So what does this mean for Arab Americans? While Clinton may have possessed a narrow margin of support from Arab American voters in yesterday’s elections, many still have their doubts.

The event that originally made many Arab Americans hesitant to endorse Clinton dates back to her campaign for a seat in the U.S. Senate in 2000.  In the months leading up to the election, Clinton had done heavy campaigning within Arab American networks, such as the American Muslim Alliance (AMA) and American Muslim Council (AMC), two groups that fell under the umbrella of American Muslim Political Coordination Council Political Action Committee. After initially accepting up to $51,000 in donations from the two groups, Clinton publicly backtracked after succumbing to false ideas presented by anti-Muslim smear campaigns, and eventually returned the donations.

In the heat of her bid for the Senate seat, Clinton’s opponent Rick Lazio admonished Clinton for accepting “blood money” at the hands of groups that “advocated for terrorism against Israel”, according to The Electronic Intifada. After these defamations, Clinton returned the donations of the AMA and AMC, despite the incredibly false accusations that the two American based groups had even an inkling of connection with terrorist networks, and even denied attending events in their name.

After a picture surfaced of Clinton accepting a plaque at an AMA fundraising event from the previous summer, Clinton went on to deny that she had any knowledge that fundraising event was held by the AMA, and accused them of attempting to sabotage her campaign. While it appeared that Clinton’s actions were done in an attempt to appease any possible consternation of her pro-Israel funders, groups like the AMA and AMC were perplexed as to how greatly Clinton was misconstruing their political goals: an end to injustice against Arab Americans, nothing resembling any sort of political agenda against Israel.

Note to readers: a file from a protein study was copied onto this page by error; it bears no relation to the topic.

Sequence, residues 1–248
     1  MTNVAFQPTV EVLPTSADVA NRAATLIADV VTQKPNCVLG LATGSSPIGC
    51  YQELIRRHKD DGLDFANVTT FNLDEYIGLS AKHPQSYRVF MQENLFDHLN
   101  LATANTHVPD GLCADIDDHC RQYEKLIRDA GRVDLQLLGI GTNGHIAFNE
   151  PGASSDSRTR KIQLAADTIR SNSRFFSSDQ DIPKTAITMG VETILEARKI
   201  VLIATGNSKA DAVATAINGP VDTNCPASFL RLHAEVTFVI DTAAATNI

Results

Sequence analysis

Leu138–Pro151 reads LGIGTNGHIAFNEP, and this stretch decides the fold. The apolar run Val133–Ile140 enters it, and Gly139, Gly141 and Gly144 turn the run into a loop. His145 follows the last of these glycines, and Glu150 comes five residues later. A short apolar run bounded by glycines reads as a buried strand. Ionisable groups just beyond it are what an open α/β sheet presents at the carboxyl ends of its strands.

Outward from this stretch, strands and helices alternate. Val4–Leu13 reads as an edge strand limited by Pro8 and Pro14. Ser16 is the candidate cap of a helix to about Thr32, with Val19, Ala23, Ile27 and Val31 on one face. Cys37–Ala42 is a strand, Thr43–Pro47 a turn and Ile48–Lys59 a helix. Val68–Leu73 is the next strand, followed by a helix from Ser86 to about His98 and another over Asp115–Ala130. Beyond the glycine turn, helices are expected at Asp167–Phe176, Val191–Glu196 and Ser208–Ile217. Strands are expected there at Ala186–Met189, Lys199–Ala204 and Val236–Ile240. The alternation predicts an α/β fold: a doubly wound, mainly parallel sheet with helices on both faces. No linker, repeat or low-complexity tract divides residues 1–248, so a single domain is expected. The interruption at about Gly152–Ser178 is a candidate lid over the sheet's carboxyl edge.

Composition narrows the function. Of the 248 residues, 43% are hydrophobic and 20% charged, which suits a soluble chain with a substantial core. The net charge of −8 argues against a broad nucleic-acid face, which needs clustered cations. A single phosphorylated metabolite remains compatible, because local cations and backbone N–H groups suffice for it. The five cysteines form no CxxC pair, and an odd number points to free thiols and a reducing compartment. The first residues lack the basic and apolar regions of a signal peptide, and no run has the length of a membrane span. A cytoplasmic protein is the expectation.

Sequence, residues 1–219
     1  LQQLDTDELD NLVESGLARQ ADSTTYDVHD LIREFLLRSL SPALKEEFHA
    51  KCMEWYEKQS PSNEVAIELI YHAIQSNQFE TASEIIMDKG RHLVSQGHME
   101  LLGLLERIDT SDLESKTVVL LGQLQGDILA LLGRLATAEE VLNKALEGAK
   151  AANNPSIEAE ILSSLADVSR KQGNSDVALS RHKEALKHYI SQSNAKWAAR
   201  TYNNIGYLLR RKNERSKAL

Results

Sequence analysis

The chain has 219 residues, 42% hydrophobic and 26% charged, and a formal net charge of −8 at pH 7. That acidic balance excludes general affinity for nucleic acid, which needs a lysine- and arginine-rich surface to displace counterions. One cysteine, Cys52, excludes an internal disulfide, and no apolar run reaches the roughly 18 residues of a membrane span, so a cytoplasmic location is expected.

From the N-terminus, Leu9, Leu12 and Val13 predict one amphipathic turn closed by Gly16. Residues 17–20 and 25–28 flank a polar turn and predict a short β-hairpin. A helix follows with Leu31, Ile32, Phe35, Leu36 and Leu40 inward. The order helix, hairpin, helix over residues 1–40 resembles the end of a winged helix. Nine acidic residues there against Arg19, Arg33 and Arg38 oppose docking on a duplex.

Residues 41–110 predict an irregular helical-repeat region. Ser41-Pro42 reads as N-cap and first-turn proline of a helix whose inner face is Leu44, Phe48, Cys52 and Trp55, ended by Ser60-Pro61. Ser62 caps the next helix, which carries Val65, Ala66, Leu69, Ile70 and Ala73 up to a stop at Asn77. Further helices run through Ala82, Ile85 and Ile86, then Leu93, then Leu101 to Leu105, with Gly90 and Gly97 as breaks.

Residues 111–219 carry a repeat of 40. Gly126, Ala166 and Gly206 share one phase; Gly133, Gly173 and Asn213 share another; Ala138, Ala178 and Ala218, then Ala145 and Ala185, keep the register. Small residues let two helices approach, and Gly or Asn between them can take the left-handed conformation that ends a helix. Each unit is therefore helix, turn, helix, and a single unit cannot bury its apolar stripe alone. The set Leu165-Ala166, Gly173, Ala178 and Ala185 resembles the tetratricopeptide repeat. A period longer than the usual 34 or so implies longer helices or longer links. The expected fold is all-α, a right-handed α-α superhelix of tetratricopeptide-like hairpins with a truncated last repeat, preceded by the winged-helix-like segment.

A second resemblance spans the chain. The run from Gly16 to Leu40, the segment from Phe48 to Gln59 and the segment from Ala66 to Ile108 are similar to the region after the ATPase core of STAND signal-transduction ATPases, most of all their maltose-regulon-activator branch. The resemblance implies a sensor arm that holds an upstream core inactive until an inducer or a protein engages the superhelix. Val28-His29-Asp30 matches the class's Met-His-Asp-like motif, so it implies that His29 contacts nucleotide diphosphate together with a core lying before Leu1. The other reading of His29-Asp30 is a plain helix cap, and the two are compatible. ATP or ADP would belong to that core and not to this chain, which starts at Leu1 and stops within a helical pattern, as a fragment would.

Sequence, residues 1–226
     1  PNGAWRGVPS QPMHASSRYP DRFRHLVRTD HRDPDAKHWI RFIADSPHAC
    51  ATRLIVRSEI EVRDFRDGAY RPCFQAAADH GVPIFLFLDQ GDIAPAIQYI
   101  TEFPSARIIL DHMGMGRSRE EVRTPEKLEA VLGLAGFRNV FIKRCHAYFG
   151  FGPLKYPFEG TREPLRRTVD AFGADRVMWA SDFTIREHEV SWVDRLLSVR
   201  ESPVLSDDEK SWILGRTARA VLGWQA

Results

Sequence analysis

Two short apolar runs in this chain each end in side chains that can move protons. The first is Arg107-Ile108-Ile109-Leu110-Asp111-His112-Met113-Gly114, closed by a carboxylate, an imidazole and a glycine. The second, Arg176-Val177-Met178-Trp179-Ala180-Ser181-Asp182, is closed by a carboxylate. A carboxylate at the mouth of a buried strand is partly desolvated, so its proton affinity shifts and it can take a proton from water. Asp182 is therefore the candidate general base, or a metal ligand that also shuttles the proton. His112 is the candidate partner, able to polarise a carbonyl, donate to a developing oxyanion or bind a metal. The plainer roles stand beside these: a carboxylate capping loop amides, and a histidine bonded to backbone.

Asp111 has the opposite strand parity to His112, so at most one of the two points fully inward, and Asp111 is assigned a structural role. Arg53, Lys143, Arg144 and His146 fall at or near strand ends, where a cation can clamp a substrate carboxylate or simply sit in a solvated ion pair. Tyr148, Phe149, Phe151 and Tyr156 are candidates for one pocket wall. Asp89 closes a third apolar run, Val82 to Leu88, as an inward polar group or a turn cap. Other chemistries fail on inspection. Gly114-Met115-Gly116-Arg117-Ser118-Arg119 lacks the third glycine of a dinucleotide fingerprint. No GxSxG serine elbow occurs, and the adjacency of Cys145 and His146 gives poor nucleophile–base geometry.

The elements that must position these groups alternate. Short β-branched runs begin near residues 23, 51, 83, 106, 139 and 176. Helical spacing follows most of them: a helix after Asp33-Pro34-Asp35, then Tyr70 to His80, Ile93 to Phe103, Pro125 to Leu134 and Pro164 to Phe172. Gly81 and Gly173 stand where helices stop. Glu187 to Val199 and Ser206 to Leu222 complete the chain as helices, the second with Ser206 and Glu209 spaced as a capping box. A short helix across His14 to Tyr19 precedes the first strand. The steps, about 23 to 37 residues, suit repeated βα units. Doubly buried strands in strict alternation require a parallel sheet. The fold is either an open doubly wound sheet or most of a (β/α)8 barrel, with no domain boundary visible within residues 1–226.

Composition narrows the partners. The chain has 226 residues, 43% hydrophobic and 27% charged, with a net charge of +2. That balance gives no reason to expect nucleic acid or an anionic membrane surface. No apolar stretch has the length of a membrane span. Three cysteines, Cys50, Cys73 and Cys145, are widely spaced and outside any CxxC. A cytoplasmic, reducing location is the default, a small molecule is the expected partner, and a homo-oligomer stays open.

Since then, this instance of confusion on behalf of Clinton’s political ambitions has left many Arab Americans feeling unsure if the Democratic candidate truly has their best interests at heart. Furthermore, some of her biggest campaign donors are wealthy Israelis who have spoken against the Boycott, Divestment, and Sanctions (BDS) movement, Palestinian human rights, and have vilified the Arab world and communities based on false stereotypes.

Since the 2000 elections, Clinton has regained her stance on Arab American support. Especially after Republican nominee Donald Trump has advocated for banning Muslims and Syrians from entering the country, Clinton has publically called for an end to the alienation of America’s Arab communities. However, her staunch opposition to the BDS movement, despite saying she is a human rights advocate, has some Arab American questioning her honesty.

In the Wisconsin Democratic Debate in February 2016, and later echoed by a speech delivered to Stanford University, Clinton stated, “One thing we know that does not work is offensive, inflammatory rhetoric that demonizes all Muslims. There are millions of peace-loving Muslims living, working, raising families, and paying taxes in this country… We need to understand that American Muslims are on the front line of our defense.”

Clinton went on to say in an ABC News Debate that it is important for Americans to play a part in “making sure that Muslim Americans don’t feel left out or marginalized at the very moment when we need their help. And we also need to make sure that the really discriminatory messages that Trump is sending around the world don’t fall on receptive ears”.

Now that Clinton has secured the Democratic Nomination, Arab Americans must hope that she stays true to her pledge to include all Arab American communities in her fight for social justice, and not solely use them for personal gain.